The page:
Are you planning to buy a home and to put in more of the down payment than your partner? Will you be making higher monthly payments than your partner? If you are, how can you make sure your extra contribution is considered if you break up?
Protection for married couples
If you’re married, the law provides certain protections. The family patrimony, created when the marriage begins, is a good example of this. The family patrimony requires the spouses to share equally in the value of the family’s homes, furnishings, vehicles used by the family and money accumulated in a retirement plan during the marriage.
However, some property isn’t included in the family patrimony, including gifts and inheritances. If necessary, you can ask your partner to sign a document acknowledging that your higher down payment comes from a gift or inheritance.
If you’re married, you’ll also have a say if your spouse decides to sell or mortgage the family home. To ensure your home isn’t sold or mortgaged without your permission, you must register a declaration of family residence at the land register. For example, this declaration allows you to have the sale of the home cancelled if you didn’t agree to it. The declaration of family residence protects you even if you don’t own the home.
Options for common-law partners
If you’re not married, it’s up to you and your partner to divide the value of your property if you break up. The law doesn’t tell common-law couples how to do this. It’s a good idea to decide ahead of time, while you are getting along, how things will be divided.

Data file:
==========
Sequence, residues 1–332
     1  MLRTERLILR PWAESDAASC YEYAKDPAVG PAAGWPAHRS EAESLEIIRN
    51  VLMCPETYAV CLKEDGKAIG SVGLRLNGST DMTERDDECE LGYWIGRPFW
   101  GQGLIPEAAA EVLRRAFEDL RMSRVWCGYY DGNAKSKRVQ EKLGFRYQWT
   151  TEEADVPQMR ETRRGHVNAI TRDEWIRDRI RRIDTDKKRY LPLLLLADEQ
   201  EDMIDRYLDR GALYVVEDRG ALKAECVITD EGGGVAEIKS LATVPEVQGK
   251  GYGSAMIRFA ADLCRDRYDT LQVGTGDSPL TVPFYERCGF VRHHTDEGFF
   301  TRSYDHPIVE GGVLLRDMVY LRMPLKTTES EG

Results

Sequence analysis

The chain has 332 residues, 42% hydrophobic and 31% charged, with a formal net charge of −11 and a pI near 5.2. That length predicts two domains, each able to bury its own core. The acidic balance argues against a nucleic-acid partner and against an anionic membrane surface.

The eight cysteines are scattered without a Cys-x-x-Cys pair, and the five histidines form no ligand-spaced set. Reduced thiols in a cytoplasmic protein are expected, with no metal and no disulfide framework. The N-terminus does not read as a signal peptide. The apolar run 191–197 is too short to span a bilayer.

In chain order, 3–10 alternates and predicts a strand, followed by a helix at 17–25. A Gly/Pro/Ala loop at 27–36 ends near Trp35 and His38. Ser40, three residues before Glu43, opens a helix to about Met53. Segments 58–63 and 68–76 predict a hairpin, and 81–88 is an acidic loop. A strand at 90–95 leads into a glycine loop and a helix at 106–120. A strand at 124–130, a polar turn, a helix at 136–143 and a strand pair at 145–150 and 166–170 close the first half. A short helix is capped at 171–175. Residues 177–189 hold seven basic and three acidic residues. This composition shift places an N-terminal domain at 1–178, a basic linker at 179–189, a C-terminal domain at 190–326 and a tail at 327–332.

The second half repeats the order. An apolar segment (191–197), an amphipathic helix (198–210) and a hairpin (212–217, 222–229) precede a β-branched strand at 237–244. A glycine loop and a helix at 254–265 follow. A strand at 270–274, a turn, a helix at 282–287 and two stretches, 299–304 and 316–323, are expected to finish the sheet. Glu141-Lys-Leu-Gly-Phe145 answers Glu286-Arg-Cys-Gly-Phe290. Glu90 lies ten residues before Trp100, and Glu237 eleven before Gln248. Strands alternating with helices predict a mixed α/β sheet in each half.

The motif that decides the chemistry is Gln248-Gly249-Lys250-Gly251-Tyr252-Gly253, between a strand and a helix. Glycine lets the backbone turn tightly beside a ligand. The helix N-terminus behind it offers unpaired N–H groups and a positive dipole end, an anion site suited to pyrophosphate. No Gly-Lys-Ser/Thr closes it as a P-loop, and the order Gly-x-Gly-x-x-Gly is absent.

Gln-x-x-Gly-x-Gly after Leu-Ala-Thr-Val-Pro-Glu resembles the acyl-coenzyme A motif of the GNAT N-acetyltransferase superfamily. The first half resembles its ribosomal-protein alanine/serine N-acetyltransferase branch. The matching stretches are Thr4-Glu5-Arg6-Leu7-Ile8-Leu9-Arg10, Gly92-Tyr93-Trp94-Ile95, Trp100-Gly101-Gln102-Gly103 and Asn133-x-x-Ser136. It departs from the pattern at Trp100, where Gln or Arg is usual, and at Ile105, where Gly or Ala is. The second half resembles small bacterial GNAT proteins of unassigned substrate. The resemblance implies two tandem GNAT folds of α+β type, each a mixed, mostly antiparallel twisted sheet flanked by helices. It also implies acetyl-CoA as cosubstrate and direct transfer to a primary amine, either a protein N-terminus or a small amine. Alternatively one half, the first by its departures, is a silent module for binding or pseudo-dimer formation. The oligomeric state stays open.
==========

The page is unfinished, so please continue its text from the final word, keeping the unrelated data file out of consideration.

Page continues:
If the partners are co-owners
If both of you sign the deed of sale, then you are co-owners in the eyes of the law. This means your partner can’t sell the home without your permission.
Also, the general rule is that you both own the home in equal shares. If you want to have different shares, you can indicate this in an indivision agreement. Here are examples of what you can include in an indivision agreement:
- how to share payments concerning the home
- who will keep the home if you break up, and under what rules
- whether you will go to mediation, for example, in the event of a conflict with your partner
If only one partner owns the home
Sometimes, for various reasons, only one partner signs the deed of sale. In this case, only the partner who signed the deed owns the home. The other partner, who isn’t an owner, should have some sort of protection if they put in some money to buy the home.
The partner who doesn’t own the home but who contributed to the down payment can ask the other partner to sign an acknowledgement of debt. If the couple separates, this document can be used in court to prove the debt exists and to allow the partner who doesn’t own the home to recover some money. It’s important for the acknowledgement of debt to be signed and dated by the partner who owns the home. It will be even more difficult to challenge if it’s prepared by a notary.
A contract between common-law partners is another option to consider if you plan to pay part of the mortgage and other expenses involving the home. This contract can specify the obligations of each partner while you’re together and what will happen to the home in case you separate. The contract can also provide that the partner who owns the home must get your permission before selling or mortgaging the home.
Important! An acknowledgement of debt and a contract between common-law partners don’t give you the right to have the sale of the home cancelled if you didn’t give your permission. The only thing you can do is take legal action against your partner to get compensated.
You only have the right to cancel a sale if you become an owner by buying a share.
A notary or lawyer can recommend which documents would be most useful in your situation.